someone needed to bathe, at which time the temperature of the water would be temporarily

turned up. As a child, I took for granted the ethic of simple living and frugality, but as an adult I

see how this ethic is vital to living in such a way to minimize our impact on nature.

 

Connection to Natural Processes

Exposure to agriculture, livestock and doing things by hand was important for helping me

understand how nature works and where basic things come from. At a young age, I saw in a

practical way the process of nature’s provision of all of our needs. I saw first had how much time

and effort it takes to grow food, care for chickens that produce eggs, and make yogurt from

fresh goat milk. Understanding these processes helped me later connect the dots that

conservation is important, because we are dependent on nature for clean air, water, food, and

beauty.

 

Community Care

A value I have learned from my Latino community is the centrality of relationships and the rich

life that comes from helping each other. In my family, great focus was placed on helping others

we encountered through church, family relationships, and friends. It is not such a stretch to say

that nature has become part of my ‘community’, and the value of our collective wellbeing

extends to caring for our local nature – the forests, waters, and animals with which we share our

lives.

 

Of course, I realize not all Latinos grew up like me; Latinos are diverse and have different

experiences that impact their relationship with nature. My hope is that regardless of our different

values and traditions, we can find common ground in preserving a healthy planet for future

generations.

 

Gabriel Worrel is an outreach coordinator at Laguna Greenbelt, Inc., an organization committed

to preserving open space and establishing the Coast to Cleveland Wildlife Corridor in Orange

County, California. www.wildlifecorridor.org


Julian’s Adventure at Kirby Cove

By Juan Telles

LO California, Central Valley Regional Coordinator

 

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“This week, I had the pleasure of taking my five-year-old son camping for the first time. This post is dedicated to him.”

 

Julian (aka Little Tigre) is a wild child; his imagination takes him to places that usually involve anything minecraft, zombies, sharks and dinosaurs. His outdoor experience has been, mainly, in our urban parks, trails, and day-hikes in nature. His favorite activity is collecting rocks and sticks to take home. His passion for sticks and stones consequently lead our family and friends to find little treasures in the nooks of our homes and the compartments of our vehicles. He is curious, energetic, and always ready for adventure. Camping with Little Tigre has been something on my to-do list for quite some time. I was inspired by many things to make this happen for my little tiger. More specifically, camping with Chasqui Mom in early May at The Latino Outdoors Campout Conference, the newfound confidence in my outdoor skills, and a new book I bought at The Children & Nature Network Conference, “Vitamin N” by Richard Louv—motivated me to create this opportunity for Little Tigre. Thus, an inspired dad jumped at the opportunity to camp at Kirby Cove in The Golden Gate National Recreation Area.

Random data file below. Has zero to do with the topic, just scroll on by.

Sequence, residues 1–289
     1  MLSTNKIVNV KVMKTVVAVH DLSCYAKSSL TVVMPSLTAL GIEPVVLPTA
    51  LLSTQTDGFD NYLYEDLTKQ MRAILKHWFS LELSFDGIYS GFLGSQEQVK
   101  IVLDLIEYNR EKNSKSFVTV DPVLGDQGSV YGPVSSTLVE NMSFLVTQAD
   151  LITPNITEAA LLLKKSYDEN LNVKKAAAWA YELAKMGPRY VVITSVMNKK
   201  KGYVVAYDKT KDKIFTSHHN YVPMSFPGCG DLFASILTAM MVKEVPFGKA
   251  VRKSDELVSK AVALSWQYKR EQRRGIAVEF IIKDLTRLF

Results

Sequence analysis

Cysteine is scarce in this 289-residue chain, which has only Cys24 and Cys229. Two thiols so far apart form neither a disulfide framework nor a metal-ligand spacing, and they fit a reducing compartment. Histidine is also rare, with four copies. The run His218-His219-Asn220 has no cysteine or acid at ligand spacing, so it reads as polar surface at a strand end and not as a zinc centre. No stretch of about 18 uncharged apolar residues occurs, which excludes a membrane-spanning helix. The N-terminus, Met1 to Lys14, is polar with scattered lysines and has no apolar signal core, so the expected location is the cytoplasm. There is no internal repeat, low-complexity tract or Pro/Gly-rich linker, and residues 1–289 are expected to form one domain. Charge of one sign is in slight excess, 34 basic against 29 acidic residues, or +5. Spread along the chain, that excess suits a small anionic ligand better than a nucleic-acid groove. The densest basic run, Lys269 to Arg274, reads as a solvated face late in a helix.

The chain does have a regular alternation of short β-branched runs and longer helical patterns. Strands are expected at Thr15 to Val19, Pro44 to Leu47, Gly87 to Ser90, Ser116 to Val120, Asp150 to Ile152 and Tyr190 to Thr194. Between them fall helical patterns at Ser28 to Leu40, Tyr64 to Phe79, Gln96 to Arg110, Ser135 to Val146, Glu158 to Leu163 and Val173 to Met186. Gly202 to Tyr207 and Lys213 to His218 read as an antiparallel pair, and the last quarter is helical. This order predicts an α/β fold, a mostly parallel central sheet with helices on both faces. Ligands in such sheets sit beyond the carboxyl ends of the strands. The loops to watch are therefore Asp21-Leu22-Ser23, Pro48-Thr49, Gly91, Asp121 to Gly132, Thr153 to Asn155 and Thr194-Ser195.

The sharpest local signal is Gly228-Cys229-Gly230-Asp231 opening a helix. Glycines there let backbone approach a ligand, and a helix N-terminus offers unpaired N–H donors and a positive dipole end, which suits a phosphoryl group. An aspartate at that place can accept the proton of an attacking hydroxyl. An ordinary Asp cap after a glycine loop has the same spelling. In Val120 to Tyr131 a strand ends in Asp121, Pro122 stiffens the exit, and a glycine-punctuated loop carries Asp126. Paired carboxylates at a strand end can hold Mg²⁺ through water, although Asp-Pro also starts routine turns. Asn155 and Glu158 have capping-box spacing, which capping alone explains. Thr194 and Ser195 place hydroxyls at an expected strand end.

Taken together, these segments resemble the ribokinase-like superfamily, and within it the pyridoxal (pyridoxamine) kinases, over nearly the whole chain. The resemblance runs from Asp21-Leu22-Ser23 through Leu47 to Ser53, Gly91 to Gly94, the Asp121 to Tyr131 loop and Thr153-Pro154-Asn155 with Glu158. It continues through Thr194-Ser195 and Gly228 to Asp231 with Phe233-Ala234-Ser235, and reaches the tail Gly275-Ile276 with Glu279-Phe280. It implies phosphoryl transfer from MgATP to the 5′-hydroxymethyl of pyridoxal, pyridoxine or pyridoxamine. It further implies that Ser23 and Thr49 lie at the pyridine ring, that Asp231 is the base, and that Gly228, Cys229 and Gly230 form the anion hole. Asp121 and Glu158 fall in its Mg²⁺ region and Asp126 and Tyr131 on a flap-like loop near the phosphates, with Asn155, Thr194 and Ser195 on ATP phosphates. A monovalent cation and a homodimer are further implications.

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We camped with Julian’s Tio Orlando and Tio Clay. These men helped me introduce a new experience to the young nature lover. Upon arrival, we all struggled to set up our tents. The confusion lied in the fact that the tents had been recently purchased, and we had not assembled them prior to our trip.  After an hour, our camp was set, and we explored the site. Venturing around the recreation area gave us three different types of chills: the temperature, wind, and mist gave us the cold chills (This was a world of difference from the Central Valley climate of 100 degree heat.), the beautiful sights gave us the awe-inspired chills, and we all felt the serenity of the space fill our bodies with a relaxation (insert hashtag) chill. I knew Julian was having fun; his main activity consisted of collecting sticks and yelling out, “BANANAS” at random. Now, if you were to ask me, I would not have an answer as to why. However, I could only guess that it meant that he was winning at life. He was bonding with his uncles and father in a very absurdly, amazing way.

 

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We bonded around the camp-fire: lounging, making fire-sticks, and cooking amazing food like the asada pictured.

 

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We bonded as nature explorers: on the trail, on the beach, and admiring the features of our surroundings.

 

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Strengthened the bond between a boy and his elders.

 

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The camp adventure fulfilled something in Lil Tigre. He accomplished feat after feat. He battled the raccoons that threatened to take his food and rip his tent. He found so many sticks and a treasure chest. He slept outside for two nights. When asked about his favorite part, Julian joyfully responds that his favorite activities were, “Eating and making fire.”

 

Our time at Kirby Cove was epic. I can only hope our next adventure is just as amazing.

For more from Juan Telles, visit him at @onetelles  IG – Snapchat – Twitter